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Archive for Sunday, January 24, 2010

Haiti quake signals new life for teen

Wanda and Scott Miller hug their new son, Junior Oranvil Miller, in this Jan. 18 photo in their Hesston home. They adopted him from Haiti after more than six years of waiting.

Wanda and Scott Miller hug their new son, Junior Oranvil Miller, in this Jan. 18 photo in their Hesston home. They adopted him from Haiti after more than six years of waiting.

January 24, 2010

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— On Monday afternoon, Jan. 18, 17-year-old Junior Oranvil Miller sat by a fire. His hands were gloved and his head covered by the hood of a Kansas University sweatshirt, atop a polo shirt layered over a long-sleeved T-shirt. Next to him, Junior’s adoptive dad, Scott Miller, sat in jeans and a T-shirt.

Junior was chilly and tired — but happy. His dark brown eyes have seen more in 17 years than most Americans will see in a lifetime — poverty, chaos and destruction.

Just more than a week ago, a natural disaster almost dashed his dreams of becoming Scott and Wanda Miller’s adopted son and brother to Levi, 17, Karla, 15, and Joe, 12.

Junior’s journey to the Millers’ couch started in 2003, when Scott took his first mission trip to Haiti through a nondenominational Christian organization called Haiti Lifeline Ministries, with headquarters in Hesston.

“When you go to Haiti, it will change your life,” said Scott, pastor of Kingdom Life Ministries church. “It captures your heart.”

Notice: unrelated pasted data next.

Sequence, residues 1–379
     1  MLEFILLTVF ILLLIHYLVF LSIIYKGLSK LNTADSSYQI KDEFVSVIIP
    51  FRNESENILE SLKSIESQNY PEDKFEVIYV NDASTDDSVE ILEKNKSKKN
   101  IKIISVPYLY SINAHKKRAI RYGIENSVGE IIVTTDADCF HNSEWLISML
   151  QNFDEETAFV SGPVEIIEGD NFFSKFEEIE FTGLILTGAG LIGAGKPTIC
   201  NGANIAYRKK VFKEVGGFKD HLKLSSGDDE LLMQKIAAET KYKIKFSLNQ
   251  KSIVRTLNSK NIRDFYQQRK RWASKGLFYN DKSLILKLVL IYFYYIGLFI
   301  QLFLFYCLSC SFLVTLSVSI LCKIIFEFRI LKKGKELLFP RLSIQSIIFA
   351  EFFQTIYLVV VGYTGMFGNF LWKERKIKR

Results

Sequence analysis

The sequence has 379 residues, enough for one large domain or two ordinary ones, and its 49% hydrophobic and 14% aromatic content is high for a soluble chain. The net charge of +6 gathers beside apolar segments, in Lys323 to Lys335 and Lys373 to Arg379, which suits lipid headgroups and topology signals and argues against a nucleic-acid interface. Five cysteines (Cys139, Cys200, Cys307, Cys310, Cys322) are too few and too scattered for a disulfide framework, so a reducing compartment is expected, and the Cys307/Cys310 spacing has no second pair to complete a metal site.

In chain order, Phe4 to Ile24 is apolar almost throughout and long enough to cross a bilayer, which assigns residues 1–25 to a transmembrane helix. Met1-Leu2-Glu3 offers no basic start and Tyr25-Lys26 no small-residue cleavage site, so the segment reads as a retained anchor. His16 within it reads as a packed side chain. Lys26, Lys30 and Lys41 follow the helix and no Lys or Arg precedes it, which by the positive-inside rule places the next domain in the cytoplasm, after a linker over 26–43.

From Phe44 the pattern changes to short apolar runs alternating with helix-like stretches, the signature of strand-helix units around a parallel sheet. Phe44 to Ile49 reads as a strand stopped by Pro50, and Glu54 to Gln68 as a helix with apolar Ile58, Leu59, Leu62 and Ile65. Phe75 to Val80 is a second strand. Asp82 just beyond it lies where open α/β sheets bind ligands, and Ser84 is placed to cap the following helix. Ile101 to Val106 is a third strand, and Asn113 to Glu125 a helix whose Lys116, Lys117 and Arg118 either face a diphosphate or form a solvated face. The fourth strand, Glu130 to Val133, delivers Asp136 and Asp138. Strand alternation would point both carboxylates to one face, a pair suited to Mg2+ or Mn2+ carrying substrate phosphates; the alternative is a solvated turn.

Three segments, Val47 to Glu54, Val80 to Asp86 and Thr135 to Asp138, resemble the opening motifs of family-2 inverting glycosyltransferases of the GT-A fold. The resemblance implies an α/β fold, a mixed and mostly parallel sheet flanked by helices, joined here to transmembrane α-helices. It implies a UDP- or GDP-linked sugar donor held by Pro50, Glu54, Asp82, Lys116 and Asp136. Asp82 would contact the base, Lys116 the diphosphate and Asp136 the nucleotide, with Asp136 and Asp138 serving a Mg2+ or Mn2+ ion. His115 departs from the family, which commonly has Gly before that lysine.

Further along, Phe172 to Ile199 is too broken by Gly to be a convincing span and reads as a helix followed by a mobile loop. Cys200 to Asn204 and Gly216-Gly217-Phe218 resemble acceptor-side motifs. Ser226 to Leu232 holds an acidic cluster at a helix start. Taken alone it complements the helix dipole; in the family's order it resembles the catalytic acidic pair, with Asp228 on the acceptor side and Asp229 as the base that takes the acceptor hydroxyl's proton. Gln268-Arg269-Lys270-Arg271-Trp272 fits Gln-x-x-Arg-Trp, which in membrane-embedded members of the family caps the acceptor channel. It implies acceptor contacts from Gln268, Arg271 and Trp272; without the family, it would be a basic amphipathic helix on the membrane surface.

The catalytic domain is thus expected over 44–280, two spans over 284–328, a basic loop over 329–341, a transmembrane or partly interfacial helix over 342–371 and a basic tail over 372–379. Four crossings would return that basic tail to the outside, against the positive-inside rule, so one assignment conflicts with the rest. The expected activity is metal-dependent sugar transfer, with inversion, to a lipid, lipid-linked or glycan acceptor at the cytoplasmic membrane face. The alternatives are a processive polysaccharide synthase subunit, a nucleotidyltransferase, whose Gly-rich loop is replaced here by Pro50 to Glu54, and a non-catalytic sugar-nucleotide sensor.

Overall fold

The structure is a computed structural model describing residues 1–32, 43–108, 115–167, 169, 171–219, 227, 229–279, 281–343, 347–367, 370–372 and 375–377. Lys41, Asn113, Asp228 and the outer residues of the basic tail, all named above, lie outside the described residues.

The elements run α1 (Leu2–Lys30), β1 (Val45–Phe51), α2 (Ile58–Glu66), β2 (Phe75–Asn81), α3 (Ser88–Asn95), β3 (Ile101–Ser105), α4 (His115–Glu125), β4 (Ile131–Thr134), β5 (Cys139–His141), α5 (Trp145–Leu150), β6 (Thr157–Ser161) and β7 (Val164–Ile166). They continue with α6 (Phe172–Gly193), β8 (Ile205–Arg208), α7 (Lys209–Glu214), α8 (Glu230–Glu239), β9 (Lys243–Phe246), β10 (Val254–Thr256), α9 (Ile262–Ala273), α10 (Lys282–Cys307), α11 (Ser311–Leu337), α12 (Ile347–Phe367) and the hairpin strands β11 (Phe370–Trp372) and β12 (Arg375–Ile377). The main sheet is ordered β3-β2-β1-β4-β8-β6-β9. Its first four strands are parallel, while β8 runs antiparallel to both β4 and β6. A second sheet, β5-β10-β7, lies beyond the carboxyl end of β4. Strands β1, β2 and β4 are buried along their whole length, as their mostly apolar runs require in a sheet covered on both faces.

When Miller arrived at Centre of Children’s International Lifeline Orphanage in the Port-au-Prince suburb of Croix-des-Bouquets, he met Junior Oranvil, 10.

Junior’s father had died, and his mother, with several older children, was unable to care for him. Until 5, Junior was in the care of his godmother, who eventually determined she could not care for him.

He went to the orphanage run by Nicole Dieudonne, a Haitian woman educated in the U.S. who felt called back to Haiti to serve her people.

The Millers started the process to adopt Junior in 2003. Two years and several thousand dollars later, a huge setback almost convinced the Millers to cease their adoption efforts.

During a political uprising in Haiti, the building in which Junior’s adoption documents were stored was destroyed — riddled with bullet holes. It would take another three years to wrap up the process.

In January, the Millers were waiting on the very last step — receiving their visas to pick up their new son. When the earthquake hit Jan. 12, they thought all hope was lost. In reality, it worked to expedite Junior’s departure.

The American missionaries started working on getting the 21-member Haiti Lifeline Ministries team out of Haiti. Back in Kansas, the Millers started working with Sen. Sam Brownback’s office on getting Junior a ride home with the missionary team.

Two days after the quake, the missionary team was waiting at the airport for a ride home. Six team members got on the plane, but it would not wait for the others, including Junior.

The remaining team members and the boys from the orphanage went back to the U.S. Embassy to wait for another plane. Word came that Brownback’s office was close to getting Junior and six other orphans out of the country and to their waiting adoptive families. Finally, permission came, and on Friday evening, Junior and the other adopted orphans were on a plane bound for Miami.

After a couple of fog delays, Junior arrived at Kansas City International Airport at 7:55 a.m. Sunday.

“I just about died,” Wanda said. “It was so good to see him. It was just — wow — an end to this six-year adoption. It is still unbelievable.”

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